I’m sharing some favorites from the archives as I spend some extra time with my family and our new addition!
Flashcards are a common catch-phrase for developmentally inappropriate teaching methods. Even I use the term that way. But like many teaching approaches, it is important to separate the objective, the content, and the method. You might be surprised to find that flashcards may not always be as evil as you thought.
Flashcards are often used for enhancing quick recall of information, particularly to match symbols to their meaning. Recognizing letters and numbers by their names, recalling sight words that have to be learned rather than decoded. These objectives are not heinous in and of themselves. Rapid recognition and recall are necessary, and require practice. (Stick with me here.)
Flashcards are used for recall and recognition. Review. That is quite different from teaching. Concepts that are practiced through flashcards must be taught in another way to build connections and meaning. Otherwise, the rapid recall is useless.
Flashcards range in content. Sight words, colors, numbers — sure, but as high school and college students we have probably all used flashcards to study Spanish verbs or vocabulary for Anatomy class. The key is in determining appropriate content for your objective and your audience. Just as college students don’t generally need to be learning their colors, babies don’t need to review sight words.
Now here’s where my realization began. Flashcards are often synonymous with the “drill and kill” method. But as I’ve mentioned before, the same content can be taught with different methods. If you’re a proponent of play-based learning, there are ways to incorporate a play approach and learn the same recognition and recall skills in more appropriate ways.
Here are some of the ways you may actually already be using flashcards (or flashcard information) with a play approach.
- Bingo: Cards may match numbers, letters, and pictures in a fun and engaging approach to symbol recognition. (Here’s an example from Teach Mama.)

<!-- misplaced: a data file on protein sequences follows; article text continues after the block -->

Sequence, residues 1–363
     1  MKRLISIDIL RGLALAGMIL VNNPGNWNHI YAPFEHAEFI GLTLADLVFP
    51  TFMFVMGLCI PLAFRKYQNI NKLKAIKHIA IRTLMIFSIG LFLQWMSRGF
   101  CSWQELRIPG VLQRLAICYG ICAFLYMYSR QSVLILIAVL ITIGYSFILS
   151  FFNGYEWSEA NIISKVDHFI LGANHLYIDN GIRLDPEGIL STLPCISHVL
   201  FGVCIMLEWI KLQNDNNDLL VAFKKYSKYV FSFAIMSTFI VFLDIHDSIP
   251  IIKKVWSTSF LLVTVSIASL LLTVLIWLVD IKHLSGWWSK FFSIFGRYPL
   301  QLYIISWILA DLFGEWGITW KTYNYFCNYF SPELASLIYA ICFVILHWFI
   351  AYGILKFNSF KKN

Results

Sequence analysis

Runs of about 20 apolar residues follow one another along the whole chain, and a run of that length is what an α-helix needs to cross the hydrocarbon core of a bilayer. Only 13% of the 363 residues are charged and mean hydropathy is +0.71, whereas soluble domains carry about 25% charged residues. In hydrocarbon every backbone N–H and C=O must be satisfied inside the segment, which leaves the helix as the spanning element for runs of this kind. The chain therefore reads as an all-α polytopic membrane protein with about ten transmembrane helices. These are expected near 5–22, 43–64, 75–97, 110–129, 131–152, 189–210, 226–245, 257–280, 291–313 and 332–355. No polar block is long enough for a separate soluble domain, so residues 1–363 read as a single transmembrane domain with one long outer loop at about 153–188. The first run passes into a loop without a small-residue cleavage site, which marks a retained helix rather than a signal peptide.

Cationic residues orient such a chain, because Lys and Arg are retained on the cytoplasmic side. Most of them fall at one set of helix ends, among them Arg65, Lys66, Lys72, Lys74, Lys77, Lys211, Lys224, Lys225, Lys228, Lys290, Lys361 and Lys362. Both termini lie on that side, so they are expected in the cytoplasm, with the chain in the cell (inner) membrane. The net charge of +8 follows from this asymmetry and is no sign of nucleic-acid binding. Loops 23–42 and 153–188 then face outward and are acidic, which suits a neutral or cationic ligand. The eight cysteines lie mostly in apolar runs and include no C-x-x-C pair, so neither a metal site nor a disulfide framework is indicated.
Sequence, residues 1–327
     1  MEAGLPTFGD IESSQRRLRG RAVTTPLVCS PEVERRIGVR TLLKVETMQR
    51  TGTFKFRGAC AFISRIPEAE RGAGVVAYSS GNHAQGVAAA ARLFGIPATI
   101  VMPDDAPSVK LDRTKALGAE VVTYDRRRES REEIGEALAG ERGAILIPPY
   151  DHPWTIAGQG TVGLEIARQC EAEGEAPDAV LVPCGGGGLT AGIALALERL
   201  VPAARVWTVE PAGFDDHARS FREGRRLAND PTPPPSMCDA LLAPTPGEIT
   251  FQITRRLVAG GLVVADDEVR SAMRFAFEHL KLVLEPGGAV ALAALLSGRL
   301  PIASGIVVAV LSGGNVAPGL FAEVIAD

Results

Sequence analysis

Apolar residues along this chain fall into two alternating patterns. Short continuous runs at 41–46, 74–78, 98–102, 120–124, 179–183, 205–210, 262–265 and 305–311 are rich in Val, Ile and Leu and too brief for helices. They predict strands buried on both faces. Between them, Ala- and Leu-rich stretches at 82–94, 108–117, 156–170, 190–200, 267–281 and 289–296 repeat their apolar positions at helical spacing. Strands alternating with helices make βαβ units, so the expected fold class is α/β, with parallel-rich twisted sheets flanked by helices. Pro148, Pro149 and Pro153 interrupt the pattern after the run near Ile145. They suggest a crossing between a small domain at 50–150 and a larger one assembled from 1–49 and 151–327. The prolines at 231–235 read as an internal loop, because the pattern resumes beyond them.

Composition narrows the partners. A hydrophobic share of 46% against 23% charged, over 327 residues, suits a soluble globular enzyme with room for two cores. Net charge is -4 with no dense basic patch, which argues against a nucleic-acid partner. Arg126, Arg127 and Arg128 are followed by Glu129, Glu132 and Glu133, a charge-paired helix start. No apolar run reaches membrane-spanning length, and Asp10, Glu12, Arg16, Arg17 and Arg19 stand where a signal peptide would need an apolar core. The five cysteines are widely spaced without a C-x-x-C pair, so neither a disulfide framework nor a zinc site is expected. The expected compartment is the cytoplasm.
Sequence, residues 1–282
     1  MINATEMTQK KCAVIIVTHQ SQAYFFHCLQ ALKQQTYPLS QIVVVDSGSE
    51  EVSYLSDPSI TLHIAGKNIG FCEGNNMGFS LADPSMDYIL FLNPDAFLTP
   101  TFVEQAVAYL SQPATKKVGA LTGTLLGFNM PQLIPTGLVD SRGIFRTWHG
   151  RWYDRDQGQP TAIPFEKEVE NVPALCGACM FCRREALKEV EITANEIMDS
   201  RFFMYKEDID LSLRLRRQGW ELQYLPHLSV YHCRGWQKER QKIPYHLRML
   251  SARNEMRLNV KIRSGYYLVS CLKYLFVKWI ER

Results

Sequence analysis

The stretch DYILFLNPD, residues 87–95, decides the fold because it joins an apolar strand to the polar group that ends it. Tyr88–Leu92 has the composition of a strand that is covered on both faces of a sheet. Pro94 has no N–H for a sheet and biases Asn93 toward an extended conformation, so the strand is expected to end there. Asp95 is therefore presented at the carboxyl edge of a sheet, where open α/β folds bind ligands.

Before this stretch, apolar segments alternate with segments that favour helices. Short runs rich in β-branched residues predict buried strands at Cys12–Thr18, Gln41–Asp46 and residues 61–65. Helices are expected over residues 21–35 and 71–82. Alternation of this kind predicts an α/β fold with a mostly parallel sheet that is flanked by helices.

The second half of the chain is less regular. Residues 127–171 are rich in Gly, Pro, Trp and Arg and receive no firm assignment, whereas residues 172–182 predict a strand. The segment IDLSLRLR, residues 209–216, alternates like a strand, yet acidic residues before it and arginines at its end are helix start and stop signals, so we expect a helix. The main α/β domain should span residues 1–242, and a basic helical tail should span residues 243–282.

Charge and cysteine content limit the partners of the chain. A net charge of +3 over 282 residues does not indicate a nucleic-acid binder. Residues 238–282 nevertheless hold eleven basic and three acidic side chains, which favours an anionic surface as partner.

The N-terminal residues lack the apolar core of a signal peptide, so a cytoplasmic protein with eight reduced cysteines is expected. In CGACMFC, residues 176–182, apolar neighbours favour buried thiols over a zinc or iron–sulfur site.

- Card Games: Remember the card game war? I loved it as a kid and now I use what is essentially a pack of number flashcards to play it with my kindergartener, who probably doesn’t even realize it’s a great way to incorporate number recognition as well as value comparisons. We’ve also played “go Fish”, matching upper case to lower case or grouping numbers or letters together. Uno is another fun card game that kids happily play as a fun alternative to color and number drilling. (Check out an assortment of card games for young children at Preschool Express.)
- Dance: Scatter numbers, letters, or colors on the floor. Turn on some fun music and dance or march around. When the music stops, pick up one to identify and place in a basket. Continue until it’s all picked up. Hap Palmer’s Marching Around the Alphabet is designed for this activity, but any music will do.
- Active Games: Incorporate concepts into fun games like Twister (substitute color cues for other concepts like letters, shapes, numbers, or sight words for older children — “Right foot on a triangle”), arrange terms or concepts across the room and hop from one to the other as you call them out in a hot lava game, or pin cards onto shirts and play red rover calling for numbers, letters, or shapes instead of using the children’s names. (No Time for Flashcards has a fun game for learning shapes here.)
Though you may despise the kill and drill format typically associated with flashcards (and rightfully so!), there are other methods based in play that can teach the same concepts. The key is to keep it fun, active, and engaging, and to remember that these activities help with recognition and recall. The real learning comes from meaning and connections built from experiencing and applying the concepts in real and meaningful ways.
So if your child comes home with a list of concepts to practice or a stack of flashcards to review, try one of these playful ways to incorporate the same practice in a more appropriate, enjoyable, and effective way.
What are some fun twists you put on the flashcard approach?